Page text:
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How to Make a Wooden Hairbrush Rack
Simple to Make Wooden Hairbrush Rack in 4 Easy Steps
How to Guide in Four Simple Steps to handcrafting your own Bespoke Designed Hairbrush Rack from a piece of wood and a wire coat hanger. In this article I demonstrate how making something as simple as this can be done on a shoestring budget; and how it can easily be made in one afternoon. In making this you don’t require much in the way of tools, materials, skills, cost or time
How does your loved one keep hers hairbrushes, cluttering-up the dressing table or taking up valuable space in the bathroom; or does she already have them neatly hanging-up tidy and to hand. This how-to crafts article is about space saving ideas that are particle, easy to do and doesn't cost the earth to make, and for this project is a guide in four easy steps.
If you have a spacious bedroom and a large dressing table then you may be happy to have half a dozen of your hairbrushes scattered around on the dressing table or shoved in its drawer. If however space is of a premium then the ideal solution maybe to better utilise the space for by making a bespoke rack or buying a suitable tidy, caddy or organiser.
1. Design and Selecting Your Materials
Deciding on your design and sourcing your materials
The first step to making her a bespoke Designer Hairbrush Rack is to decide on your design; the Dcor of her bedroom or bathroom and where it will hang may have a major influence on this. The materials you have to hand and materials you intend buying to make the hairbrush rack and how much you wish to spend on making it will be other factors in your design and build for your personalised bespoke hairbrush rack for her. Cost shouldn't be a limiting factor as the materials you need is minimal and shouldn't cost much to buy anyway; even if you bought everything you needed from your local DIY store. So the main factor will most likely be designing and making of your handcrafted hairbrush rack that's befitting of her bedroom or bathroom dcor.
The main theme in our house is natural wood so for me I was looking for something made with natural wood that's simple and functional but not tacky. As I have lots of scrap wood my shed I intended to make my bespoke hairbrush rack from reclaimed and recycled materials, and therefore make it on a nil budget.
The first task was to go through the selection of scrap wood and other materials I had in the shed picking out some suitable pieces that would be ideal for this DIY project. Selecting suitable wood is easy in that any piece of wood between 1 ft (30 cm) and 18 inches (45 cm) long and about 10mm (1/2 inch) to 20mm (3/4 inch) deep would be ideal. The exact thickness and length is not critical. Any piece of softwood, hardwood or plywood would be fine, but not contiBoard as it wolldn't have the strength to support the pegs. For this DIY project I found a piece of scrap wood in the shed that once was a back divider (20mm depth) that once supported thin plywood backing to a cupboard. The divider had 4mm grooves on either side in which the cupboard's plywood backing once slotted into.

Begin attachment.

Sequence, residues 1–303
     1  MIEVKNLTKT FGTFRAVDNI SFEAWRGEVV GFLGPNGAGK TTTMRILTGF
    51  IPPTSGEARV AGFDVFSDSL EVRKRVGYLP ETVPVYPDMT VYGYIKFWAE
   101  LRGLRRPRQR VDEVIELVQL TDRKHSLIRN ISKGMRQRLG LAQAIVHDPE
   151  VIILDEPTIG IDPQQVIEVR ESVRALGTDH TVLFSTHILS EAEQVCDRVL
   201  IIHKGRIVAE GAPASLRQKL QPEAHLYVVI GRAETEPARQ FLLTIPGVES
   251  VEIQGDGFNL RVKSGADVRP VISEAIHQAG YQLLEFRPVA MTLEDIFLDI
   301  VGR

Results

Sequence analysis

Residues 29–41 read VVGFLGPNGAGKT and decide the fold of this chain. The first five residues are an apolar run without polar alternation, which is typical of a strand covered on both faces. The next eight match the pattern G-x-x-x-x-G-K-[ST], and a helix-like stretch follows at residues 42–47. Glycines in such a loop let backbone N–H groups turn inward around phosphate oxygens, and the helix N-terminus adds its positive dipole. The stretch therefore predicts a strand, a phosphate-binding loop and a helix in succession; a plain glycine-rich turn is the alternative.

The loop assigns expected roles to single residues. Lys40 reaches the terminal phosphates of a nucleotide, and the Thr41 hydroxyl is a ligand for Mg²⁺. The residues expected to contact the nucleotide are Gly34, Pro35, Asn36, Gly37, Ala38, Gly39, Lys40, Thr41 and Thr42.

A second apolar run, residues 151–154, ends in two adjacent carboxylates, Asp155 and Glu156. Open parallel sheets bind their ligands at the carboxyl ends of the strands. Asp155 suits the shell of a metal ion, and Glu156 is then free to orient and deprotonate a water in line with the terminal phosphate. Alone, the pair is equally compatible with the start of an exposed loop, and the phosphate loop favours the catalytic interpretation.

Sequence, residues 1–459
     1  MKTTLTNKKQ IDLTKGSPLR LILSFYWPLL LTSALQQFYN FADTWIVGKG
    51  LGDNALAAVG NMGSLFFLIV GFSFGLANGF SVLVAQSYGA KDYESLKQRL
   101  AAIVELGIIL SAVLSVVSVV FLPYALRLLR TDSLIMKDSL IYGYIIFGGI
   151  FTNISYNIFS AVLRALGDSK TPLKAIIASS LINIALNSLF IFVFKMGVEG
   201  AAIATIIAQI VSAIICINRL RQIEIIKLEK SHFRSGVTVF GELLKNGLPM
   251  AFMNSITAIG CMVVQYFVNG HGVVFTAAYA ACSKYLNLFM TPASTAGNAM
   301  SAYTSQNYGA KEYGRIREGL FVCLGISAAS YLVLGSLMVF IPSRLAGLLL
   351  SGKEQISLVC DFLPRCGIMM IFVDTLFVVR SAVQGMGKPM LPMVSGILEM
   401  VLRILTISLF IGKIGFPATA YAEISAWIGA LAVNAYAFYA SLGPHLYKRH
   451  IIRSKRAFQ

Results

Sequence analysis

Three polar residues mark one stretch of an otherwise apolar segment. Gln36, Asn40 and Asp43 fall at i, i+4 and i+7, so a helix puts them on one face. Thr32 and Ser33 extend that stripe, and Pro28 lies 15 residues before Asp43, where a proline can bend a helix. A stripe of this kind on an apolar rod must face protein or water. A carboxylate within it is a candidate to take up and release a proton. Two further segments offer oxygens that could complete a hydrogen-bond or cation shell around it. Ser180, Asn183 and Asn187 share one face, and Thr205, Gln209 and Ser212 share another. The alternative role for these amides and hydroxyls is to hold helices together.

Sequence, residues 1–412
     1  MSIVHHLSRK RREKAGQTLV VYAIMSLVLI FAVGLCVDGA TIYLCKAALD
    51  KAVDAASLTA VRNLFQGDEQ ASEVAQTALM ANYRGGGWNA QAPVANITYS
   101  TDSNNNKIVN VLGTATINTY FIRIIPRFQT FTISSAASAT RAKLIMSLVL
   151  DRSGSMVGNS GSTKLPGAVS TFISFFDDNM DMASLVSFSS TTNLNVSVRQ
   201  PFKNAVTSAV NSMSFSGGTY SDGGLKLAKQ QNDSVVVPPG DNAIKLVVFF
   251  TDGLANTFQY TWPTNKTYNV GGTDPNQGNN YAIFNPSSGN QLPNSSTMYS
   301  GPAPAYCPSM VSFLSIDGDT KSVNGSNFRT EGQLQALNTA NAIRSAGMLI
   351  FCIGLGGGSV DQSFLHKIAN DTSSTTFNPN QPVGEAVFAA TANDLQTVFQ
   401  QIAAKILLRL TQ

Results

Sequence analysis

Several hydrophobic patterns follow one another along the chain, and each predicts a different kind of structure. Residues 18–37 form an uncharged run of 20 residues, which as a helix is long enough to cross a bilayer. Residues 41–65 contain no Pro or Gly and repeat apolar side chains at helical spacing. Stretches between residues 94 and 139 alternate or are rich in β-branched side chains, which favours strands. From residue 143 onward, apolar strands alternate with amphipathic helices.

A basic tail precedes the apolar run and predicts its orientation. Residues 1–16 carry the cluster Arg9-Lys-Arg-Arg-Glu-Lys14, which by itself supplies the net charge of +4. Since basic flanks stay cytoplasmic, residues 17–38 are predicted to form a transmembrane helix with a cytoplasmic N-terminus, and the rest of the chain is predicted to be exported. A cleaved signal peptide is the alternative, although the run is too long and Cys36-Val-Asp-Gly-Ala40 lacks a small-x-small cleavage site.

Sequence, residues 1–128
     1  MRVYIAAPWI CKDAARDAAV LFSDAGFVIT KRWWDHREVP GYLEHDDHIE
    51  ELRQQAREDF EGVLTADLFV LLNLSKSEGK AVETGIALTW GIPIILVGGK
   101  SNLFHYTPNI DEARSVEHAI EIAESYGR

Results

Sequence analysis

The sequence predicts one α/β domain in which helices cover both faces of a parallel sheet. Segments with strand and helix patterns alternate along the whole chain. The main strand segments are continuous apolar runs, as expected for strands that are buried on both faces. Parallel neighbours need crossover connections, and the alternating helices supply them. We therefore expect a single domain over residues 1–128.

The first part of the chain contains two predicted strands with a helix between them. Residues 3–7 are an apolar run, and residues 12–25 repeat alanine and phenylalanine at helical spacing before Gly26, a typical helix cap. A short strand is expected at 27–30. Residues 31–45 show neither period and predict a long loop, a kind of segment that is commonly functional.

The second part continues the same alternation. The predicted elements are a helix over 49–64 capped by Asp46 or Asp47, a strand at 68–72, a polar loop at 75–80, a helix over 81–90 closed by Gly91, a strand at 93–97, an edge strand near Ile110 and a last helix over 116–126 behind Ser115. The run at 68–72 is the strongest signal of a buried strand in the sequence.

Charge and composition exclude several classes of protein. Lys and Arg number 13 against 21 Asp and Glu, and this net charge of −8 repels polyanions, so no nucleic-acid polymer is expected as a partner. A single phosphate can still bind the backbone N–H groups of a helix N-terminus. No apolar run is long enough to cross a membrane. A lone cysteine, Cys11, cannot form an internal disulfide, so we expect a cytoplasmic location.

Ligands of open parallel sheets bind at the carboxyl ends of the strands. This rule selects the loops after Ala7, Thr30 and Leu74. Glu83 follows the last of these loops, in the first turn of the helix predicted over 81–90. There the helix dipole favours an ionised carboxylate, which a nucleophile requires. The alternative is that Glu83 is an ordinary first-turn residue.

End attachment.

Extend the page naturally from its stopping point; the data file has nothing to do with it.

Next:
The difficult decision was the pegs; they need to be strong and thin but not tacky. Most hairbrushes have a 6mm (1/4 inch) hole in the handle for hanging so you could use wood or metal slightly smaller but with not much leeway it would be difficult getting the hair brushes on and off the hooks and in such cases people wouldn't use it. For the hairbrush rack to be functional it has to be easy to use, therefore the pegs have to be significantly smaller so that the handles slip over them easily. In rooting around the shed I found 5mm dowel, an iron rod (from an old clotheshorse) 4mm and a 3mm steel rod. The 5mm dowel would have only given 1mm leeway and made it very difficult to get the hairbrushes on and off the rack; the 4mm iron rod wasn't too bad but the 3mm steel rod was ideal so I opted to use this.
If you don't have a piece of metal at a suitable thickness, rather than buying something from a DIY store or an Ironmongers you could use oval nails but that would be rather tacky. A much better solution would be to cut the heads off of ordinary nails that's long enough and of a suitable thickness or use an old wire coat hanger and using a hacksaw cut the pieces of metal to length for the pegs.
If you decide to use nails or bits of metal cut from a wire coat hanger, as the source material for your pegs, to reduce the risk of the nails or wire splitting the wood, that they line up correctly and there are no sharp edges that would scratch or cut somebody you'll need to follow the instructions given below.
2. Measure and Cutting Your Materials
Think twice and cut once